This is a question that came to the Big Blue View Mailbag a few weeks ago. It piqued my curiosity, but I did not really know how to answer it. I wanted the opportunity to speak with some New York Giants offensive linemen about it, and I had that opportunity a couple of days before the Thanksgiving Day game against the Dallas Cowboys.
Here is the question, and below are the responses of a trio of Giants linemen.
Alan Meyer asks: When watching the Georgia-Tennessee game last week I noticed that nearly every offensive lineman and several defensive players were wearing knee braces. I don’t remember seeing any Giants wearing one and yet our lowest three draft choices are out with ACL injuries and our top two choices have had strained knee injuries. Why don’t we see the braces used in the NFL?
[Peart, of course, suffered a torn ACL late in the 2021 season and did not return to action until a few weeks ago].
“I had to wear them in college ... I’m not so sure of the rules but I know for the most part most of the linemen wear knee braces in college and then when you get to the league it’s kind of up to your discretion ...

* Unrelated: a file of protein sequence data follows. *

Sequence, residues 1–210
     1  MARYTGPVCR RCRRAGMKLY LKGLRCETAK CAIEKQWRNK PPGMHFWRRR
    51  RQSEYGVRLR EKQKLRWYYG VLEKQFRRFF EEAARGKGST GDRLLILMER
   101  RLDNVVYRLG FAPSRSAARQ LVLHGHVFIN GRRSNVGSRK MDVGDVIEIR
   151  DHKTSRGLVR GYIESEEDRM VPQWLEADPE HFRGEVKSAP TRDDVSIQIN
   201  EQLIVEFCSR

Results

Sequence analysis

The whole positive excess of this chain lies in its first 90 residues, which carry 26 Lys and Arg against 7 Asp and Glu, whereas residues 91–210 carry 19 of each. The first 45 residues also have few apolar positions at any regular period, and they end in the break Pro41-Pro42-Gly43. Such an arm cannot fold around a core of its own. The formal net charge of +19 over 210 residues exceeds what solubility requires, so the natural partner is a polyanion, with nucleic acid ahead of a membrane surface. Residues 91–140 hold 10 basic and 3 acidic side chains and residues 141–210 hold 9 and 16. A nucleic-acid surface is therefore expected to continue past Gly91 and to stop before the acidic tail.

“I’m personally one of those guys that doesn’t wear them.”
Peart’s torn ACL did not change his viewpoint.
“I can attest that knee braces have saved me from a couple injuries back in college, but I feel confident in how the training staff helped me prepare and the strength staff helped me prepare, even coach Bobby (Johnson) how he helped me prepare. I feel comfortable playing without one even after my injury.”
Peart said “it’s hard to say” if a knee brace would have helped prevent the injury he suffered last season.
“Everybody pretty much has to wear them [in college]. The school will mandate that. When I was in college [at Texas Tech] they custom-fit the braces for you, everybody wears them. In the NFL there’s no one telling you to wear them, so pretty much 95 percent of people don’t wear them because it slows you down.
“This is a league where if you play slow you don’t last, so it’s better to be out there playing your best than be out there protected but playing slow.”
Anderson said the knee braces can offer protection “if you get rolled up on real bad.” Like Peart, he added that “in college it definitely saved me once or twice.”
Wearing knee braces was mandated at North Carolina, where Ezeudu played.
“In college it depends on your school. Some schools force o-linemen to [wear knee braces] and some schools you have a choice.”
Ezeudu does not wear them with the Giants.
“Unless you really have a knee injury or had one and need it, if you ask anybody if they liked them 99 percent of people would say no. All that weight, they’re metal, they restrict you. You feel the difference.”